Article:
The data outlining the parent trap is jaw-dropping


Working mothers and fathers have vastly different experiences – this astounding data proves it.

Since the paid parental leave scheme was introduced almost a decade ago – mandating 18 weeks of leave to be paid at the the minimum wage for primary carers – over 1.2 million women in Australia have made use of this policy. Only 6,250 men have.

This information comes by way of journalist Annabel Crabb, who pulled the stats from the Department of Social Services for her recent contribution to the Quarterly Essay.

If you think this usage gap is because of personal preferences, other statistics show you are wrong. 

The Diversity Council of Australia found that 75 per cent of millennial dads (35 and younger) want to work from home, but only 41 per cent get to. Working a compressed week is important to 79 per cent, but only 24 per cent are doing it. Also, as HRM previously reported, many working fathers feel guilty for not spending more time with their families. 

So what are employers doing to try attract and retain this talent? That’s the billion dollar question. And it’s one that Crabb was trying to answer as she travelled around Australia to address over 1,200 HR professionals for AHRI’s International Women’s Day breakfast series last week.

HRM attended the Sydney breakfast to catch Crabb’s witty and well-researched words of wisdom. 

The crux of Crabb’s talk centred around her recent contribution to the Quarterly Essay, Men at Work, which HRM unpacked in our interview with her. The jaw dropping difference between that interview and seeing her talk in person was the power of hearing the evidence showing the gap between working mothers and fathers pile up.

Data that packs a punch

We don’t talk about the way mens’ personal and work lives change when greeted with the news they’re going to become a parent. Crabb says this is flummoxing to her. Further flummoxing is the data showing just how disengaged men have been from the early stages of their childrens’ lives. This isn’t necessarily a reflection of what men want. It’s a reinforcement of what we’ve always known: more often than not men are forced into the secondary carer role.

This isn’t a matter of opinion or a general impression we have, there’s plenty of evidence to prove this is exactly what’s going on. Crabb peppered a bunch throughout her essay and shared some highlights in her speech. 

“You’re the keepers of the culture in your workplaces and that puts you in the box seat to engineer, observe and feel the benefit from what will become one of the great cultural evolutions that the workforce has experienced…”

A lot of the statistics saw jaws drop across the room. Here’s a snapshot:

 – Of full-time working fathers in Australia, 75 per cent have a spouse who works flexibly, part-time or not at all, according to the Australian Institute of Family Studies. Only 15 per cent of working mothers have a partner in the same situation. As Crabb rightly points out, this means men are more likely to be supported as they try to excel in the workplace as someone else is taking care of the day-care run, organising the grocery shop and crafting something for the Easter Hat Parade at school.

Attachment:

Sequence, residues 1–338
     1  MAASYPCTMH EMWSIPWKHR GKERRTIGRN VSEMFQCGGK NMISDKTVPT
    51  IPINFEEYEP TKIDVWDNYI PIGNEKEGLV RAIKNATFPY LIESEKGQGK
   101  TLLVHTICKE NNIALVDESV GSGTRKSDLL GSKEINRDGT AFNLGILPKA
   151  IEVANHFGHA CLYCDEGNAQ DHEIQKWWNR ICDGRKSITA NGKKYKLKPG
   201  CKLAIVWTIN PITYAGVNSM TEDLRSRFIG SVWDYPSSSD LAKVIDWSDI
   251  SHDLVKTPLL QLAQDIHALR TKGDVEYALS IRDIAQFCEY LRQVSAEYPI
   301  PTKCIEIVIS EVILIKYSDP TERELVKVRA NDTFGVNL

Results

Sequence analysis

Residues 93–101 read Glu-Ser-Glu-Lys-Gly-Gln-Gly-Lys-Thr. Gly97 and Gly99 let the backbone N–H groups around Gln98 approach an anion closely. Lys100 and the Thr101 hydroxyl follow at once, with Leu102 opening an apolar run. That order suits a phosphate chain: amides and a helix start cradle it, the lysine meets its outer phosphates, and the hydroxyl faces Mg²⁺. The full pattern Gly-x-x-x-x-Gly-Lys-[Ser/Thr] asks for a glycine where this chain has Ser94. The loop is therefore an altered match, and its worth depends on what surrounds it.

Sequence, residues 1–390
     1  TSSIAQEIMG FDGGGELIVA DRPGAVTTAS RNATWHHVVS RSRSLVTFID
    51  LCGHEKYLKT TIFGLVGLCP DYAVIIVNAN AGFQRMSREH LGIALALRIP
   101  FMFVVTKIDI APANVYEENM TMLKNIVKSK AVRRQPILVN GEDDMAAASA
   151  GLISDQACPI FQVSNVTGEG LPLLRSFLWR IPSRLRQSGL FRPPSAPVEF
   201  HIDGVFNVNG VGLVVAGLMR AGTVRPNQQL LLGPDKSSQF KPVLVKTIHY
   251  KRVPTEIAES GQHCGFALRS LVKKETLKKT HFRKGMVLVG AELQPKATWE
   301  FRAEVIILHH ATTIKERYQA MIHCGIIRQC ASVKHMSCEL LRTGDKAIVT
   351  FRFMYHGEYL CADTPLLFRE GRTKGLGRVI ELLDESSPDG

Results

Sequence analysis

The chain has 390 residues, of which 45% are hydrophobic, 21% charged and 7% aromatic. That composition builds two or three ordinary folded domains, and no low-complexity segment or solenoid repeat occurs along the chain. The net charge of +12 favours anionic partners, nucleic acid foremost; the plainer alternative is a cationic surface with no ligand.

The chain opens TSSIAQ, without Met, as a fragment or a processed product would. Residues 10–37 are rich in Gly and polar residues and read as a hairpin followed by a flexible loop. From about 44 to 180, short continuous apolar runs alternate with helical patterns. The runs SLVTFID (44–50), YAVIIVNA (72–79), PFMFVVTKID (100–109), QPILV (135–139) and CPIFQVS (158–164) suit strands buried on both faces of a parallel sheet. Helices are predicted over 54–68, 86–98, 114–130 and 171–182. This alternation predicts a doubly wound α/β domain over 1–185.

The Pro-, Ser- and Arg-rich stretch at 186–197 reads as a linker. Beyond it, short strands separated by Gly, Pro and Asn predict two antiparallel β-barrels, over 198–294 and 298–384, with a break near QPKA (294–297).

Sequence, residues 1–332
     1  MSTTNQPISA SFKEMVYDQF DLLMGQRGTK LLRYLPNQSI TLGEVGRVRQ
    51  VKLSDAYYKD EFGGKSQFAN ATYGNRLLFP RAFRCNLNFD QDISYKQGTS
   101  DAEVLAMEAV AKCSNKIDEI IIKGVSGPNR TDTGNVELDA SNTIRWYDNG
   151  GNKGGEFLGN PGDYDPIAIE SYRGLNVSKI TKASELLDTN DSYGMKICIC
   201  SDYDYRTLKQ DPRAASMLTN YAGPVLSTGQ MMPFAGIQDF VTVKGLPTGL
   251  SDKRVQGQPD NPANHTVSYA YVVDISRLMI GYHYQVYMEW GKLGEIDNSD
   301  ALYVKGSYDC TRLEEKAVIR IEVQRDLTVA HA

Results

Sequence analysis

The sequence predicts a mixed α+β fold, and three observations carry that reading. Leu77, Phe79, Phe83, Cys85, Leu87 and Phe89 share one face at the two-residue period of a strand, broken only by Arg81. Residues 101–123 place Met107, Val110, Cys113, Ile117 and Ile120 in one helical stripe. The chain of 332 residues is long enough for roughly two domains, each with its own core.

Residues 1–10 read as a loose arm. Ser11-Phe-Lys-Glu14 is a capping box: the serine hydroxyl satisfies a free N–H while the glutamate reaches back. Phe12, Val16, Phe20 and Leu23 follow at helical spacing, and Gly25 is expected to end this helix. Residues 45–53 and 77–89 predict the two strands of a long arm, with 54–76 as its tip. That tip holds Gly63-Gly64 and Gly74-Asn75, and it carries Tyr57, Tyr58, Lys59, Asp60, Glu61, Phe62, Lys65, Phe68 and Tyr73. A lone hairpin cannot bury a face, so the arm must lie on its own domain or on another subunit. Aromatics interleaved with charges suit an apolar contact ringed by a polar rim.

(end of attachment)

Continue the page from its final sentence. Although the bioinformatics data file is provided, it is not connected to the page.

– Over a 40 year career, a 25-year-old man can expect to make an average of $2 million. If he has kids, that number shoots up by half a million dollars. A 25-year-old woman over the same time period can expect to make $1.9 million, but that number drops to $1.3 million if she has children, according to the National Centre For Social And Economic Modelling (NATSEM)

 – Australian Bureau of Statistics (ABS) data shows that in 1991, 4 per cent of families had a stay-at-home dad. A quarter of a century later, that number only increased by 1 per cent.

 – The ABS also showed that for families with at least one child under 12, 44 per cent include a mother who works part time and 5 per cent include fathers who work part time.

 – Crabb showed ‘that graph’ from the Australian Institute of Family Studies outlining how mothers and fathers spend their time after the birth of their first child. We’ve shared it before as it’s a powerful image to keep in the back of your mind.

 – There are huge financial benefits to the nation in getting working mums back into the workforce. Economic modelling from KPMG suggests that by halving the workforce participation gap between men and women, we could see a $140 billion increase in cumulative measured living standards by 2038.

Next steps

To illustrate just how far we’ve come, Crabb reminds the audience that just 60 years ago it was dictated in federal legislation that women in the public service would quit once they got married. 

There’s still a way to go for women in the workplace, but the same can be said for fathers.

“Men and women are equal before the law, equal in the workplace, or so the HR handbooks say, but when it comes to the most common thing that men and women get together and do… their experience of that event couldn’t be more different,” says Crabb.

She encouraged everyone in the room to start having these conversations with soon-to-be fathers in a real way. Ask them what their plans are, share information about how the company can support them and make sure other men in the workplace can see this happening. This will encourage more men to do the same.

HR professionals are in an inordinately powerful position, she says.

“You’re the keepers of the culture in your workplaces and that puts you in the box seat to engineer, observe and feel the benefit from what will become one of the great cultural evolutions that the workforce has experienced since women starting joining in great numbers.”

Did you attend an International Women’s Day breakfast last week? If so, what was a key takeaway for you? Let us know in the comment section below.


It’s crucial that HR leaders have conversations with working dads about their flexible working options. Ignition Training’s short course Communicating Effectively can help you find the right words.


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The data outlining the parent trap is jaw-dropping